Gujarat and few other states in India run cooperative dairy model for collection of milk from farmers. This model depends on rural villages coming together to form village cooperatives, which then feed into district level cooperatives, and which uses an apex cooperative body for marketing purposes (GCMMF/AMUL, KMF/Nandini etc). The profits are shared back to the level of last farmer member of the cooperative after all operational expenses are accounted for. 

Overall, the dairy exports from India has been decreasing for the last few years, with a slight uptick during 2017. The below graph is self explanatory (UN Comtrade data: Reporter: India, Partner: World)

Image for Dairy milk product exports from India
Dairy exports from India

However, the above is not the complete picture. While India produces one of the largest amounts of milk, our share in world trade is quite low and we appear at 36th position in the list of exporters (2016 Comtrade data). In terms of imports, we appear at 94th position (with an imports of around 42 million USD per year), after countries like Latvia and Fiji. This is explained by the fact that dairy products (under ITC HS chapter 04) are heavily tariffed and the total duty on imports on these products range from 40 to 75%. So it's not easy to penetrate Indian dairy produce market from abroad. Apart from tariffs we have various restrictions and quality requirements which might be construed as non tariff barriers. 

I shall take the example of Gujarat now. As the Gujarat milk cooperative model is well studied, I shall leave the readers at the mercy of Google for further details. I shall focus on one such district cooperative (the 2nd biggest) in Gujarat and explain the operational model. Then I shall zoom out to bigger picture to make the argument. 

Sabar dairy is the second biggest dairy factory in Asia with a peak processing of around 30 lakh litres of milk per day, after Banaskantha Dairy in neighborhood dist which stands at no. 1 in Asia with a capacity of 60 lakh litres per day. Sabar dairy is one of the 19 district cooperatives dairies in Gujarat under the umbrella marketing brand of AMUL (GCMMF). The Sabarkantha Dist Cooperative Milk Producers Union consists of around 2500 village level societies (11000 such societies across Gujarat) which feed the milk into it. Sabar union owns 20% share in GCMMF. The sabar dairy plant employs around 1300 people on regular basis (including their Ice-cream plant at Rohtak Haryana) and around 4000 on contract basis. They have around 400 milk tankers on hire basis for ferrying milk from collection and chilling stations to dairy plant. The plant works all 3 shifts with varying load. A significant part of the plant is automated, with imported machinaries working along with manual packaging lines. There are around 10 lakh cattle (Buffalos + Cows) in Sabarkantha district as per 2016 census out of which two thirds are usually in milking stage. 8 lakh cattle are RFID tagged and insured. The jurisdiction of Sabar dairy extends to entire district. 80% of the farmers are small farmers owning less than 3 cattle per family. All contributing farmers are members of cooperative society. This way the majority of the rural population is covered by the cooperative.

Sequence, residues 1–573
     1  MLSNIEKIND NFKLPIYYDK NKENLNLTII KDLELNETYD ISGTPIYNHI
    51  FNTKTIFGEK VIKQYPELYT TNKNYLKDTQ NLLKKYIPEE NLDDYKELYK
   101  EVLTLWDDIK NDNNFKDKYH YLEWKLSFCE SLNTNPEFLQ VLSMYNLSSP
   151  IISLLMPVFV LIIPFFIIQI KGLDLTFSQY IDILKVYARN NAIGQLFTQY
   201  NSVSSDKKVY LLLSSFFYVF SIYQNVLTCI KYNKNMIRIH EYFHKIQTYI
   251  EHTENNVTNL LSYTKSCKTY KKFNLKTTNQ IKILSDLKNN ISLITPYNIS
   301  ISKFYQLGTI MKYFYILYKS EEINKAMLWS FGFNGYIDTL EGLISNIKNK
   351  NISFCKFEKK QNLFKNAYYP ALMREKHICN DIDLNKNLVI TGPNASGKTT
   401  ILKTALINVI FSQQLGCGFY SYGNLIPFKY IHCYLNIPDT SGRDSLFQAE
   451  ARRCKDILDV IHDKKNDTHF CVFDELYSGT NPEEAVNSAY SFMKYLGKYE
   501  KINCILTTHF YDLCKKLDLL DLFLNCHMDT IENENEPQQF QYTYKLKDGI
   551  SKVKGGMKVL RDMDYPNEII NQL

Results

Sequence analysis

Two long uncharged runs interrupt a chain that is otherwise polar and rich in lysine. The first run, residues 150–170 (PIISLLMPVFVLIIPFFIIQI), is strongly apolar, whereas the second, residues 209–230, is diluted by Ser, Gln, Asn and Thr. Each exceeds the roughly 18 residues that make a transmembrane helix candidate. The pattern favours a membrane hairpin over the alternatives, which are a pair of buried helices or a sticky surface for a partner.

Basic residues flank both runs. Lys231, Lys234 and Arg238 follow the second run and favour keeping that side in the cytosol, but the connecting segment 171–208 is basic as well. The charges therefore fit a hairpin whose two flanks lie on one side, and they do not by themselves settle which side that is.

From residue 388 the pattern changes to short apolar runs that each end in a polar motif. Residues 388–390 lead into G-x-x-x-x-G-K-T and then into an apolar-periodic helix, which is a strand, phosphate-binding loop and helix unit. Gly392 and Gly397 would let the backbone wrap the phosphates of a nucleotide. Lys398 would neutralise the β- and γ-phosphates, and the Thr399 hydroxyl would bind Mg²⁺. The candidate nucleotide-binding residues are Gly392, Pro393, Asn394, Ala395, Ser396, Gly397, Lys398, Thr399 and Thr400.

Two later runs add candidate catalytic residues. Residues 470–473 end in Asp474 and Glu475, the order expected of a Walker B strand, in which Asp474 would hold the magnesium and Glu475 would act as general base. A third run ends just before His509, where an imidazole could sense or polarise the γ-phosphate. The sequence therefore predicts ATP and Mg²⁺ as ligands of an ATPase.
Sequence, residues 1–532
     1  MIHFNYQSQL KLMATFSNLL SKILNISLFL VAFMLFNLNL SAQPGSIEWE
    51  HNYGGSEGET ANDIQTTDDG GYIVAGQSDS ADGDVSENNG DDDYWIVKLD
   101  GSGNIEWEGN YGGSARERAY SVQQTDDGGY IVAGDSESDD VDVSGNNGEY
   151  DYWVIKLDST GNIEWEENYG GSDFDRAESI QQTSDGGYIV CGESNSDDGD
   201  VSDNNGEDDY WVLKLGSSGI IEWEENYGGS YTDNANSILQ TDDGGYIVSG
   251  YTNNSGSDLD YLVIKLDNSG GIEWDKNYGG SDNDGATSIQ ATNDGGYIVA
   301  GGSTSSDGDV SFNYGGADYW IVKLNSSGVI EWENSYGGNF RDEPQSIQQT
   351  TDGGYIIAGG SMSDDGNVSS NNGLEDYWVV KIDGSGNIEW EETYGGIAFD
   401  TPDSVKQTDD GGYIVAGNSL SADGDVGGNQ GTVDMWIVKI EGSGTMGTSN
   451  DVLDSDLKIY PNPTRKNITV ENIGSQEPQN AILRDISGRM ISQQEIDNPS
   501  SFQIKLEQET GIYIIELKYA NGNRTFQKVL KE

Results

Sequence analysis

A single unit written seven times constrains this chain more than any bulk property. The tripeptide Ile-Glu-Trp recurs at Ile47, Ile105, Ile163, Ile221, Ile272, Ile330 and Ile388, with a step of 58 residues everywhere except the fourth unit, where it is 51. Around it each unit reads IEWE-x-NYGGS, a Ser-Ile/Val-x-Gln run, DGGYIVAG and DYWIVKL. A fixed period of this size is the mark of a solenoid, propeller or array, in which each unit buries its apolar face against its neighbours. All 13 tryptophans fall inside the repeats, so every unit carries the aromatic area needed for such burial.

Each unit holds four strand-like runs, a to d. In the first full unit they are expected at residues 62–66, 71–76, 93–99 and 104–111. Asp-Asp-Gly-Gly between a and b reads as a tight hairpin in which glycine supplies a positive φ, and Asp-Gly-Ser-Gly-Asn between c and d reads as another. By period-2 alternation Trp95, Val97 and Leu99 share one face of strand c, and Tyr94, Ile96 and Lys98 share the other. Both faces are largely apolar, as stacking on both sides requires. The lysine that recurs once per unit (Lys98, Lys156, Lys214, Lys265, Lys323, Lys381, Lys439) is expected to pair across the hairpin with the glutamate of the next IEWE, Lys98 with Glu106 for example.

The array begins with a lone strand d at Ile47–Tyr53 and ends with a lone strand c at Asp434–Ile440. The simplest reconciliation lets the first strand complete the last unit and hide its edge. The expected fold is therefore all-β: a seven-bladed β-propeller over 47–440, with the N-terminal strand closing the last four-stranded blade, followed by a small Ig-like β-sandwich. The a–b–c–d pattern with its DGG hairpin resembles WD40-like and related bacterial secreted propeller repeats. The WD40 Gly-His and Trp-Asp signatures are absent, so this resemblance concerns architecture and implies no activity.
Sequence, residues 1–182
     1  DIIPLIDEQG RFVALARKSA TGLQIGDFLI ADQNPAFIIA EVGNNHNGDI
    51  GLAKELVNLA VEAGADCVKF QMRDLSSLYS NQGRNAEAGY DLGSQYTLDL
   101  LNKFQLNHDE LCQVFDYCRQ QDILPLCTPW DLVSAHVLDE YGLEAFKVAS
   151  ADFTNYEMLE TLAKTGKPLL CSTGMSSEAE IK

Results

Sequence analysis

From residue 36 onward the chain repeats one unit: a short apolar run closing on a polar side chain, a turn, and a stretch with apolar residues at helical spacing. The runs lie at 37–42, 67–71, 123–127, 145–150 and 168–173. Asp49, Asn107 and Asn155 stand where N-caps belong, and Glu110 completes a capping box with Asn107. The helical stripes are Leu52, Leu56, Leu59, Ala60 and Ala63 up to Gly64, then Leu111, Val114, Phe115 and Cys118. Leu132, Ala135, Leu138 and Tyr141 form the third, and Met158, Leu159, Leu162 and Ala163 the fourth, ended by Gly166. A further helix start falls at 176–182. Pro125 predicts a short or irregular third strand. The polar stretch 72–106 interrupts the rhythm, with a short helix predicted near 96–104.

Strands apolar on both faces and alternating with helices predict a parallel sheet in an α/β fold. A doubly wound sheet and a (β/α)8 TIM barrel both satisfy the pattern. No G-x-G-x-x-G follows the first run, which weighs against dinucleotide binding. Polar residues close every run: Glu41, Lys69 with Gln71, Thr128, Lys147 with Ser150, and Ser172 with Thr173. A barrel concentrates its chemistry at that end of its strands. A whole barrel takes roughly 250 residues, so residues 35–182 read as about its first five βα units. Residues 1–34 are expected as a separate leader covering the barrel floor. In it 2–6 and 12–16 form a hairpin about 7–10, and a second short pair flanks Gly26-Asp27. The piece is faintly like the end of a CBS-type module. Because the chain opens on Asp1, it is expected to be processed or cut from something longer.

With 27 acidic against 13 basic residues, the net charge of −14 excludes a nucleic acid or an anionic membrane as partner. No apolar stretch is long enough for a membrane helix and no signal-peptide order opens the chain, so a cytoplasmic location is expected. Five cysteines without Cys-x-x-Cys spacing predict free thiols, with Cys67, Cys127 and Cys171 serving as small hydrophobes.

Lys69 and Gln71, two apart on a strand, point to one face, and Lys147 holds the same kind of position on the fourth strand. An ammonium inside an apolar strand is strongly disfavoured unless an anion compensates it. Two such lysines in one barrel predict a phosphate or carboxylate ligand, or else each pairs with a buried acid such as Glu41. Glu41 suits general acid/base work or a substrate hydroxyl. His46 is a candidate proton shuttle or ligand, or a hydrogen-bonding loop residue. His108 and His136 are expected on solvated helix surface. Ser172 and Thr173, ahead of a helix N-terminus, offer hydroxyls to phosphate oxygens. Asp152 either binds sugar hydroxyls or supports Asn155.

The milk is procured at a price of around 40 Rupees/litre (Buffalo full 6% and above fat) and around Rs 35/litre (Cow, 4-5% fat). The total production and value additon costs make the price of milk go upto Rupees 72/litre on an average. The milk and various derived products are sold at around Rs 90/litre leading to a gain of around Rs 18 per litre of milk bought. The profits generated through the operations are used to support various rural initiatives and support services such as cattle feed plant, veterneriary services (Sabar union employs 120 veterinary doctors across the district), maintenance of chilling units etc. Whatever profits remain are redistributed to village cooperatives, retaining only enough for modernization purposes. Last financial year, Sabar union retained around Rs 18 crore and distributed the rest. The money is being used for procuring machinery and construction of new plant in the nearby premises.

Image for Leading Dairy Exporting States of India
Leading Dairy Exporting States of India - DGCIS data

The state of Gujarat has more than 11000 village cooperative societies. In a way, a major part of the entire gujarat rural farming sector relies upon this model for alternative source of income. While it is difficult to confirm officially, it is said that this source of income has help avoid rural distress in Gujarat to a great extent. But for this income, the situation of rural Gujarat could have been worse. 

Coming to consumer side of it, India is second largest milk producer in the world as per World Atlas

Image for Leading milk producing nations
Leading milk producers - World Atlas Data

However, when it comes to per capital consumption (FAO 2013) we appear at 72nd place in the list of countries in terms of whole milk availability and 97th in terms of skimmed milk. That's poverty among plenty especially in a country where sources of nourishment in normal meal is limited. Now, the good thing is that it has improved over last couple of decades (FAO stats) and appears to be stagnating (unfortunately) now. We need more data for later years to derive more insights. 
Image for Per Capital Milk Availability in India - FAOSTAT as on March 11 2018
Per Capital Milk Availability in India - FAOSTAT as on March 11 2018
Given that our children certainly need more milk (more proteins and more of everything) to get healthier, is it right to maintain such high tariffs on milk imports? Let's say we decrease the tariffs to zero. This might inundate world milk into India. In the process, it would depreciate the prices of milk in India and might dent rural incomes. But then, the amount of depression in milk prices may of the order equal to tariff decrease, that is around 50%. So the milk producing farmer would now get around 25 to 30 Rupees per Kilo of fat milk in place of 40 to 45 earlier. Would this lead to mass rural distress? I doubt. But then, it might just make the cooperative model unworkable. It might be the last pound that breaks the squatters back. 

I can go on making yada yada blah blah arguments for both sides...but you get the drift. It is a public policy nightmare. The policymaker is stuck between a rock and a hard place. Rural employment vs milk nourishment for children and citizens. 

The above are the facts. 

What would you do sir? Would you still advocate free trade with zero tariffs or keep Trumping this sector? And how do you defend it?